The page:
Aristotle lays down his understanding of nature at the opening of Book II of the Physics, establishing a famous distinction between nature and art, and contrasting natural, living beings, and man-made objects. In addition he defines nature as principle of motion and rest. This paper analyses the commentaries on the Physics passages on nature by Muslim philosophers Avicenna (d. 1037) and Averroes (d. 1198), two foremost exponents of Islamic Aristotelianism in the Middle Ages. It lays an emphasis on their understanding of the Aristotelian concept of nature within the context of medieval Islamic philosophical and theological debates.
The paper seeks to analyse the perceptions of nature in the prologues of two 13th-century scientifical texts: Thesaurus pauperum of Peter Spain (Petrus Hispanus, after Pope John XXI) and the Lapidary of Alphonzo X, the learned, of the Castille kingdom. The first book encompass medicine and pharmaceutics and the second mineralogy, astrology, and medicine. In both prologues, the discourse on natural world was at same time dominated by Christian religion, classical natural philosophy (Aristotle), and Muslim thought (Avicena). There is an effort to understand nature by conciliating reason and faith. Thesaurus pauperum is a list of recipes for clinical situations and diseases from head to feet, which results of a careful research on various medicines. The four treatises of the Lapidary (Tratado de las piedras) were translated form Arabic to Spanish (vernacular language) and Latin. In the prologue, there is the seek to understand nature by comparison between the celestial bodies motion in the zodiac and the occult virtues and properties of the minerals and metals. The work was influenced by the pseudo-Aristotle´s book, On Minerals. It´s interesting to compare two perceptions on nature in 13th-century scientifical works.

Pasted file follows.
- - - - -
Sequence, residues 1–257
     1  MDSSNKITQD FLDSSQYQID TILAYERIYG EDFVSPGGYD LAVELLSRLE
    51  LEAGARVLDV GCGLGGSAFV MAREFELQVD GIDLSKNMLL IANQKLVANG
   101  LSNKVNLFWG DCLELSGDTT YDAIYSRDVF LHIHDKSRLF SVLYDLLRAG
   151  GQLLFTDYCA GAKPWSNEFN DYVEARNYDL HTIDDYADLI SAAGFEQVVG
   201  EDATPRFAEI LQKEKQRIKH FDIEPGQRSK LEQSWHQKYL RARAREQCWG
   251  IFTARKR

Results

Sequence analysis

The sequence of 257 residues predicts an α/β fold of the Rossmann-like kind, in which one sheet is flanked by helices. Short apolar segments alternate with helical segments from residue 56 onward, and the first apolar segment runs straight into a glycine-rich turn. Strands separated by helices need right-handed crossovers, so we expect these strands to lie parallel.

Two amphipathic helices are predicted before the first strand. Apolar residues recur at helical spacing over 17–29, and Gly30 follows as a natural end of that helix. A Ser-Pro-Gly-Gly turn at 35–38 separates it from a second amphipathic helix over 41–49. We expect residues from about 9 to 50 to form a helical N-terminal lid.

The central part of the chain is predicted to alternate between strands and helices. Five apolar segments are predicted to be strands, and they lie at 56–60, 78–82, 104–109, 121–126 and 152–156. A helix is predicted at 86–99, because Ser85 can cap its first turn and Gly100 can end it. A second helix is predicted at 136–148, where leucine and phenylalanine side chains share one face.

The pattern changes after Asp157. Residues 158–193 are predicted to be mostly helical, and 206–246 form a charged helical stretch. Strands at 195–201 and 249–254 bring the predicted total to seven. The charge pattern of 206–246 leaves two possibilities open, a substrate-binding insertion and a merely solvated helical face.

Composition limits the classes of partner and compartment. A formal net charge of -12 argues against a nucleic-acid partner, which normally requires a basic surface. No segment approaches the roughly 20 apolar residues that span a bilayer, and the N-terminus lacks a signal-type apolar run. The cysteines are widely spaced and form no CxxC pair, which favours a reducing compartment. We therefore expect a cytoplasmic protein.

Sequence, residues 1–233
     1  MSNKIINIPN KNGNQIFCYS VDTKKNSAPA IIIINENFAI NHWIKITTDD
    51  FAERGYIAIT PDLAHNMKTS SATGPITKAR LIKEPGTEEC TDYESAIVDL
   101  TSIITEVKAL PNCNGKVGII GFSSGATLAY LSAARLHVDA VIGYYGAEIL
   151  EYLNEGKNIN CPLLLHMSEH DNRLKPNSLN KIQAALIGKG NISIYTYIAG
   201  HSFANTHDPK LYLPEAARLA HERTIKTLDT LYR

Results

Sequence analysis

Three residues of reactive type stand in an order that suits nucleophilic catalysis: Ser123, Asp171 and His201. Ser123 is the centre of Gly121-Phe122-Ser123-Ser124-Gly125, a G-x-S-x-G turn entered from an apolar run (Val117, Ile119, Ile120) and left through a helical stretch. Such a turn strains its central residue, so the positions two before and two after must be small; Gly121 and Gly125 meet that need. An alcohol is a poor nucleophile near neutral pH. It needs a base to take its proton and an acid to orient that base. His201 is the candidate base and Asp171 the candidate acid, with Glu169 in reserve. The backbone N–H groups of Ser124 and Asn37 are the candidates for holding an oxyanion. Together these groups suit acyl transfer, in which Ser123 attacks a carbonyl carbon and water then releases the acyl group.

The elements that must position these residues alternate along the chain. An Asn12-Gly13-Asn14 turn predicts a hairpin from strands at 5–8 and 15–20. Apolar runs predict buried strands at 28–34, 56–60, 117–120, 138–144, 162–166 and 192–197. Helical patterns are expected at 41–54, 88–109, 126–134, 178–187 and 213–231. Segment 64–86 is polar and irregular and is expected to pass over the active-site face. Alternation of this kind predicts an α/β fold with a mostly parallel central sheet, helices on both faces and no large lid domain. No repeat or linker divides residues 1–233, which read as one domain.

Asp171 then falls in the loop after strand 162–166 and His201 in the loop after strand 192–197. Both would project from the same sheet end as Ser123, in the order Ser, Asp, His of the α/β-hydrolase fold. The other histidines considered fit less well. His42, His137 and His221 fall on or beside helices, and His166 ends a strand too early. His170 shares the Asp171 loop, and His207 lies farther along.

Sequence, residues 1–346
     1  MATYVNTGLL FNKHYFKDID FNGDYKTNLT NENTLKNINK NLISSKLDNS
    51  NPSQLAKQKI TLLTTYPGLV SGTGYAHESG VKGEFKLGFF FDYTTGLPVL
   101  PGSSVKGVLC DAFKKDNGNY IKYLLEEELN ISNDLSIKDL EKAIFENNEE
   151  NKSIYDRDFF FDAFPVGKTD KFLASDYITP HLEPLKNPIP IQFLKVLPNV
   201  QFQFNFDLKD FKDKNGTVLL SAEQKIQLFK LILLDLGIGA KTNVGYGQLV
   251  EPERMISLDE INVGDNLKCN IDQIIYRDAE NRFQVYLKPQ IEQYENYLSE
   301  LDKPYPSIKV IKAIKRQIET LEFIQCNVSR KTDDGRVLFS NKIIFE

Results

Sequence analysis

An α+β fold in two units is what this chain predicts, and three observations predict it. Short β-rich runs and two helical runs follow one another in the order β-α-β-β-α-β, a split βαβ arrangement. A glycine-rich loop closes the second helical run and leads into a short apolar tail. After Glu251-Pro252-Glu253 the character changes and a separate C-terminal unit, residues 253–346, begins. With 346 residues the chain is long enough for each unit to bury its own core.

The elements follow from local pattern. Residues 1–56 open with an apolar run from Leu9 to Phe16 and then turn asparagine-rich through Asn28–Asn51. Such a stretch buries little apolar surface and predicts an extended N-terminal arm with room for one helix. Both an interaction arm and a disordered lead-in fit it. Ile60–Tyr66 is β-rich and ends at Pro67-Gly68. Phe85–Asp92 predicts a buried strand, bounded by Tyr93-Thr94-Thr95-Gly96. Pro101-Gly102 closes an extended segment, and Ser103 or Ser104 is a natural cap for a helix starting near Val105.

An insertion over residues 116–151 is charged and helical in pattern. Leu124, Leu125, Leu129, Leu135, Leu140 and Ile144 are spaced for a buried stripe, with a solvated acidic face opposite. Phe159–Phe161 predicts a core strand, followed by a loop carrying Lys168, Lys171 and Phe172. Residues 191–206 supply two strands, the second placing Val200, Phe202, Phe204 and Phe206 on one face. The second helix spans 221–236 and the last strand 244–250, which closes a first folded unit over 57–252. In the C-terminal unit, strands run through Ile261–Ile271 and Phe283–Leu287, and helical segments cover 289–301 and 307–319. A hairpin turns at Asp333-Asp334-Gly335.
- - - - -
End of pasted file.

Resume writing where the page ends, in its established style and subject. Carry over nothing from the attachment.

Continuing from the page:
What links Nature with virginity? From a medieval perspective the answer is quite simple: If Christ’s virgin birth is part of God’s creation, this concept is most likely found in Nature as well. Therefore medieval authors looked out for such prefigurations of virginity, and theological dispute on this issue became intense in the early 15th century. The authorities (e.g. Isidor of Seville, the Physiologus, or Albertus Magnus) were giving rich examples for virginal creation in Nature and the Dominican preacher Franz of Retz used this pseudo-scientific argumentation for his Defensorium, which will be the main focus of this paper. Therein the contrast between christological interpretation of Nature and scientific observation of the human’s environment come to the fore. Moreover it is shown how the argument of Mary’s virginity has been linked to monastic chastity.